Tummy time signifies an exciting time in your infant’s life! It helps to stretch out an infant’s hips and shoulders, improves head control, and helps activate back muscles to get the child ready to sit. Tummy time is also important because it gives your child time without weight and pressure on their developing skull. Being on their stomach allows for learning coordination of movement between the arms and legs, too, to help with getting ready to crawl, climb, and walk!
What To Do If Infant Doesn’t Like Tummy Time
Helping your child to develop tolerance to the prone position can be tough, but persistence is key. Allow your child to fuss a little before you help them out of the position. Consistent practice should lead to increased tolerance, meaning they will start to enjoy being on their tummy for longer. You can also try distractions like using siblings, singing songs, or well-trained pets to help your child enjoy being on their stomach because they get a free show!
Less Obvious Tummy Time Positions
Laying On Your Chest
This position is simple! When you hold your child against you, lay them chest-to-chest. This way, as you slouch down and sink into your couch, your child is getting used to being more horizontal in prone while getting the comfort of your body heat and smell while being held.
Being Held On Your Forearms On Their Tummy
This position can be tricky to get used to for you, but a lot of infants find it fun! Allow one arm and one leg on either side of your forearm with their head close to your elbow and their bottom in your hand. As you become more comfortable, this is a great one-arm carrying that allows your other arm to be free! It also makes for easy butt pats if a child is fighting nap time.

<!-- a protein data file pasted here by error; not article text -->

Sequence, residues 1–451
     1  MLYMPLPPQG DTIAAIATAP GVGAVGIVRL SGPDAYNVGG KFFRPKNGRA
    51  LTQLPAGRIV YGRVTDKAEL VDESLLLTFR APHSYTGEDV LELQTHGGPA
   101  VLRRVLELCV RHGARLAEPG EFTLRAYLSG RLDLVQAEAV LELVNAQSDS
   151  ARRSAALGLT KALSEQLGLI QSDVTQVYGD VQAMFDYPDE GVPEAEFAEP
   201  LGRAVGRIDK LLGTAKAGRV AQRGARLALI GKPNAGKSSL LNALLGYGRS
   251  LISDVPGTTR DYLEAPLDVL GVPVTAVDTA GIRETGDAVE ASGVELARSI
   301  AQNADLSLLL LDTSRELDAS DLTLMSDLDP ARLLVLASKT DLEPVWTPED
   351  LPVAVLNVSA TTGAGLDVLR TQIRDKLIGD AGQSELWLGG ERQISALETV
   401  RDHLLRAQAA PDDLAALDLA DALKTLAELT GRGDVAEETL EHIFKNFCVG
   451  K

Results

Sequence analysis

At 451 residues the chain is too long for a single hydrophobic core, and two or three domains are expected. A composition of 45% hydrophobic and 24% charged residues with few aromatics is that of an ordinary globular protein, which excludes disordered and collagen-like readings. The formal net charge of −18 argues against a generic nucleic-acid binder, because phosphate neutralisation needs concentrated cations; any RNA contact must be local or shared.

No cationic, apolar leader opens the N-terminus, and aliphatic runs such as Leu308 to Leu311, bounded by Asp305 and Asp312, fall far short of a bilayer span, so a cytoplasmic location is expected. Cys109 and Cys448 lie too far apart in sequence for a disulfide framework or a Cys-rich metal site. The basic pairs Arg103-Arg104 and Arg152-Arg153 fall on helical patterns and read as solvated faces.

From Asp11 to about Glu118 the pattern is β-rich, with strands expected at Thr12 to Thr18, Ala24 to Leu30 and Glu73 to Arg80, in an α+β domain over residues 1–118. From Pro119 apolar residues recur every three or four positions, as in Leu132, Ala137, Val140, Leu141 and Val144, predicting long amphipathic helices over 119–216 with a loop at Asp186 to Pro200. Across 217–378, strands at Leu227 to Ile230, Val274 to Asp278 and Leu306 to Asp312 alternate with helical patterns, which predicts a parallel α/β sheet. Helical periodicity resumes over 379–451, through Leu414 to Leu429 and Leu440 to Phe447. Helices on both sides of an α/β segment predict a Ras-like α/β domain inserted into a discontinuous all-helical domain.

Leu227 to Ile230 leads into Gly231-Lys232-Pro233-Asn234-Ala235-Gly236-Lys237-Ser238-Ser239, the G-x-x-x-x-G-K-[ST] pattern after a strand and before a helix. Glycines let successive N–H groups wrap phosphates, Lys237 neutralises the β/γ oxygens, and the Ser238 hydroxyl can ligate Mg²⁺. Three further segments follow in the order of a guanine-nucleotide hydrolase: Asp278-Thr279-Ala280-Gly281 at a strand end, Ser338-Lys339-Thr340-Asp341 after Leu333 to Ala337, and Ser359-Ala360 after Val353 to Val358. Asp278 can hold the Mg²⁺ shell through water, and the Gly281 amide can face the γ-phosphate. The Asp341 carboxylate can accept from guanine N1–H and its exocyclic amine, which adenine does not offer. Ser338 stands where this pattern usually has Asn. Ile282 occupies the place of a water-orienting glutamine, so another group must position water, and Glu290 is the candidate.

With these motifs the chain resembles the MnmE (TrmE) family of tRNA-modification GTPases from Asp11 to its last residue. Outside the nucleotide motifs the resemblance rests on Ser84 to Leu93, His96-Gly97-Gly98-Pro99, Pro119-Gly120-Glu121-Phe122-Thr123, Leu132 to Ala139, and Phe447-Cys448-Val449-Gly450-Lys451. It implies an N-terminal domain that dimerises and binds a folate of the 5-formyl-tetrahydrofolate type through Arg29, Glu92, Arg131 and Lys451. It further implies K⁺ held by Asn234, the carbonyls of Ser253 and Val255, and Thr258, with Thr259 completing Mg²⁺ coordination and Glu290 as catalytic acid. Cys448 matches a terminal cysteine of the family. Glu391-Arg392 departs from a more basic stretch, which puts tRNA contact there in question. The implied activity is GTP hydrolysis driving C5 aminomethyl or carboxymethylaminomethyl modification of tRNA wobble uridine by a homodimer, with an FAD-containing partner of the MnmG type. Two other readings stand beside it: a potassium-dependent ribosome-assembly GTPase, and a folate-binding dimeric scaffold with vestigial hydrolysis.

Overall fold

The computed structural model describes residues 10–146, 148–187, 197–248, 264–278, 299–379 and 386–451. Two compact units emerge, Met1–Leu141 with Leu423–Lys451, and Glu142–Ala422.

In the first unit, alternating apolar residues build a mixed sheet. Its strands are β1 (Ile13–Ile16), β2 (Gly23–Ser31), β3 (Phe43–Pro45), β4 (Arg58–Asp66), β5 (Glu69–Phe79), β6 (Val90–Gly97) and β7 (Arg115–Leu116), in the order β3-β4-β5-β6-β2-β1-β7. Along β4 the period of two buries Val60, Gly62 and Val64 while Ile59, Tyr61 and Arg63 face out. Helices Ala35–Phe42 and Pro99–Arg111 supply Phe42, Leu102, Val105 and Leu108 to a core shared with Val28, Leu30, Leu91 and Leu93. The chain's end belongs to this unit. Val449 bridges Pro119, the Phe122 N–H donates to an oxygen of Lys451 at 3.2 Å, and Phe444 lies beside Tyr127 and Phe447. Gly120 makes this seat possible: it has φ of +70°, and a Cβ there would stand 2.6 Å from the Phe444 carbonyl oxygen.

Laying On a Wedge
Always make sure their head is near the top! This position is similar to having the child lay on your chest. It allows gravity to help make their head a little lighter, making it easier for the child to lift their head while on their tummy. It also helps settle their weight towards their hips which will allow for improved weight bearing through their arms and eventually helps with reaching on their tummy as well as rolling.
Placing a Towel at the Nipple Line
We recommend using a small towel, like a clean dish towel or a burp cloth. You roll it up into a towel roll and place it at the child’s nipple line with the arms over the towel roll. This helps to give the shoulders some support while they are developing the strength to hold themselves up.
Don’t Forget Side-Lying!
This is another important position for your baby! Side-lying helps your little one find their hands, learn how to lift their head against gravity, and improves co-contraction of their back and stomach muscles needed for rolling, sitting balance, and crawling. To help your little one attain and maintain side-lying, bring all toys to one side so they look in that direction. Then, help them to roll onto their side. They may need help bringing their arm with them – and that’s ok! Once here, you can help them stay in this position simply by holding on to their hip. If they begin to fuss, let go of the hip and watch them learn how to roll back onto their back or belly.
If you think your child may need physical therapy, request a phone consult with one of our pediatric physical therapists in Rhode Island and Massachusetts. Performance Physical Therapy has a team of pediatric physical therapists who can help your child reach their movement and function goals.